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From Antitrust Law Daily, October 17, 2013

FTC, Antitrust Division fully operational, for now

By Jeffrey May, J.D.

It was back to work today for employees of the FTC and Department of Justice Antitrust Division who were furloughed during the partial government shutdown over the last 16 days.

The first government shutdown in 17 years was ended last night when federal lawmakers reached a compromise to fund the government for 90 days and to increase in the debt limit to avoid a default. The “Continuing Appropriations Act, 2014” (H.R. 2775), which provides fiscal year 2014 appropriations for the federal government through January 15, 2014, and extends the nation’s debt limit through February 7, 2014, was signed into law today.

Certain “excepted employees” had continued to work during the lapse of appropriations. Notably, merger trials proceeded involving both federal antitrust agencies. The Antitrust Division’s trial in its case against Bazaarvoice, Inc. over its 2012 acquisition of competitor PowerReviews, Inc. moved forward in the federal district court in San Francisco. The FTC, along with the State of Idaho and complaining hospitals, continued a challenge to St. Luke’s Health System, Ltd.’s acquisition of Saltzer Medical Group—the largest physician practice in the state. The FTC motion to stay that action was denied by the federal district court in Boise, Idaho. The agencies also had limited staff on hand to accept Hart-Scott-Rodino premerger filings.

In addition, pursuant to a contingency plan announced prior to the shutdown, excepted employees at the Antitrust Division continued to support ongoing criminal trials and proceedings. During the shutdown, new bid rigging charges were filed against Japanese seat belt manufacturer Takata Corporation and California real estate investor Kuo Hsuan “Chuck” Chang. Approximately 40 percent of the Antitrust Division staff was excepted from the furlough.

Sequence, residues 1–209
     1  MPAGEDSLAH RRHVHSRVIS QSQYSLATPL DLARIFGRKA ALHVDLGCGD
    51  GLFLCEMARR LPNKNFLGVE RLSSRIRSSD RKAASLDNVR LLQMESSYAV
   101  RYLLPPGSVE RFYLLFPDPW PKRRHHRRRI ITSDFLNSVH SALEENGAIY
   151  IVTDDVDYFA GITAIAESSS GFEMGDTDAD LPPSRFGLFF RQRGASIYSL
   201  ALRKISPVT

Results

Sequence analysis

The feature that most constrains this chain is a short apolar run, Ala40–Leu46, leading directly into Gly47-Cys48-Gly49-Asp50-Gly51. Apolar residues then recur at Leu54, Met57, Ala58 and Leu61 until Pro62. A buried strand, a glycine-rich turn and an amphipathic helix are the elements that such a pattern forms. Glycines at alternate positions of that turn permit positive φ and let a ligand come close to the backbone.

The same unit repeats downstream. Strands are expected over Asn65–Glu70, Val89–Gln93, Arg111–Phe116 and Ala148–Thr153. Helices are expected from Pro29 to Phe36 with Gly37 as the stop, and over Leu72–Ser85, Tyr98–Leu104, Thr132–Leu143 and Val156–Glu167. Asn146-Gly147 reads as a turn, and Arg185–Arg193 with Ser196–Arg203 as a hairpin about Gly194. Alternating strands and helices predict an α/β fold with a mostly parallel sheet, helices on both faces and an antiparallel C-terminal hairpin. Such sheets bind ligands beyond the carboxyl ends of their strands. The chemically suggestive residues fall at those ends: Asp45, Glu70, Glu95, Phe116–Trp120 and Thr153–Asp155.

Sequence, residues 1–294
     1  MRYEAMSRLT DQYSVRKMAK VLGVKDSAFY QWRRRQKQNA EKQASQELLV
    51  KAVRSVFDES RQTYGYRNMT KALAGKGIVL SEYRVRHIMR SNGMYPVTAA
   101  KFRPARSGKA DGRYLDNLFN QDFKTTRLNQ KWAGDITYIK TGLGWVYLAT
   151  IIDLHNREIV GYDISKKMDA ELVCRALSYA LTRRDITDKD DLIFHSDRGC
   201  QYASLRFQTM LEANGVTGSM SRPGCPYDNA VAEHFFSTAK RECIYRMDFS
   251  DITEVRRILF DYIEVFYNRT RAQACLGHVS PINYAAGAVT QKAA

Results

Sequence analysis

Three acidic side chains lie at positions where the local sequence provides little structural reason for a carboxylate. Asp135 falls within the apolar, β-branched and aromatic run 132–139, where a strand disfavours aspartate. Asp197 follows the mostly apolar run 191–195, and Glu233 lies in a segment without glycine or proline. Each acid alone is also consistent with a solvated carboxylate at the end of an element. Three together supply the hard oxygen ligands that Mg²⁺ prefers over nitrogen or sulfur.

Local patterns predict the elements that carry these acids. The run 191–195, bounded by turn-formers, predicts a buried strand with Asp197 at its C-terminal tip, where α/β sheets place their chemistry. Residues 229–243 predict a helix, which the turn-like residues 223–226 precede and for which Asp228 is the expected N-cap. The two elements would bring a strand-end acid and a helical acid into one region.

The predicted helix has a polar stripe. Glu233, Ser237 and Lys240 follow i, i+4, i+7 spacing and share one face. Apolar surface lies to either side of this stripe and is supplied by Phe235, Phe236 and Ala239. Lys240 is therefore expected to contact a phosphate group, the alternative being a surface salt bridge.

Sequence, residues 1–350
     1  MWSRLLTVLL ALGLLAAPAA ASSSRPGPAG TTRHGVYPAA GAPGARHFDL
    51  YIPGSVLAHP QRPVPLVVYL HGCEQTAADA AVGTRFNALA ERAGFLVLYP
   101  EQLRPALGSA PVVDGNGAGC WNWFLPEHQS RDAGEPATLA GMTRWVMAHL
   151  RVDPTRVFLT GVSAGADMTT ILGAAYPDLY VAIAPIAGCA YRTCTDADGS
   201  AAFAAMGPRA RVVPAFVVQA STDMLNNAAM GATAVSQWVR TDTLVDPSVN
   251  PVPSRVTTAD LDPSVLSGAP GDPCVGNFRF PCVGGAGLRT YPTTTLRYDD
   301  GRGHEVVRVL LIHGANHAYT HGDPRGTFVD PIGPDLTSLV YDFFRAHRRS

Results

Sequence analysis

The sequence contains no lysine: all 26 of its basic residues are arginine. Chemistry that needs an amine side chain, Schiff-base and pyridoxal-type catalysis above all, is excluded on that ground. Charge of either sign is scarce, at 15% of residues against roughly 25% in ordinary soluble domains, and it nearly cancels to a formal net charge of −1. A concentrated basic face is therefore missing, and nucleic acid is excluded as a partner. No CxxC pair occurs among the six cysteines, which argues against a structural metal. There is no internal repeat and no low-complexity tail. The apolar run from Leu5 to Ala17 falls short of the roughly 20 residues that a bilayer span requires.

In a letter to Justice Department employees, U.S. Attorney General Eric Holder said today that he was grateful to have the nearly 115,000 employees back at work. “My top priority now is to ensure that each of you is able to fully resume your work as quickly as possible,” Holder noted.

At the FTC, the commissioners, as Presidential appointees, were exempt from furlough. Under the FTC’s shutdown plan, the agency expected to retain “as many as 248 employees necessary to protect life and property through the prosecution of enforcement actions” during the lapse in appropriations. The FTC estimates that it has 1,178 employees currently.

Prior to the shutdown, the FTC issued stays in administrative proceedings. Those matters are expected to resume in five business days.

FTC lawyers continued to appear in federal court in some consumer protection matters during the shutdown. For instance, the FTC continued to pursue its case against infomercial pitchman Kevin Trudeau in the federal district court in Chicago this week.

The FTC’s website was operational once again today. During the shutdown, users were frustrated to find that they were unable to use the site. Visitors to the FTC website were redirected to a page with the following statement: “Unfortunately, the FTC is closed due to the government shutdown.”

MainStory: TopStory Antitrust ConsumerProtection AntitrustDivisionNews FederalTradeCommissionNews

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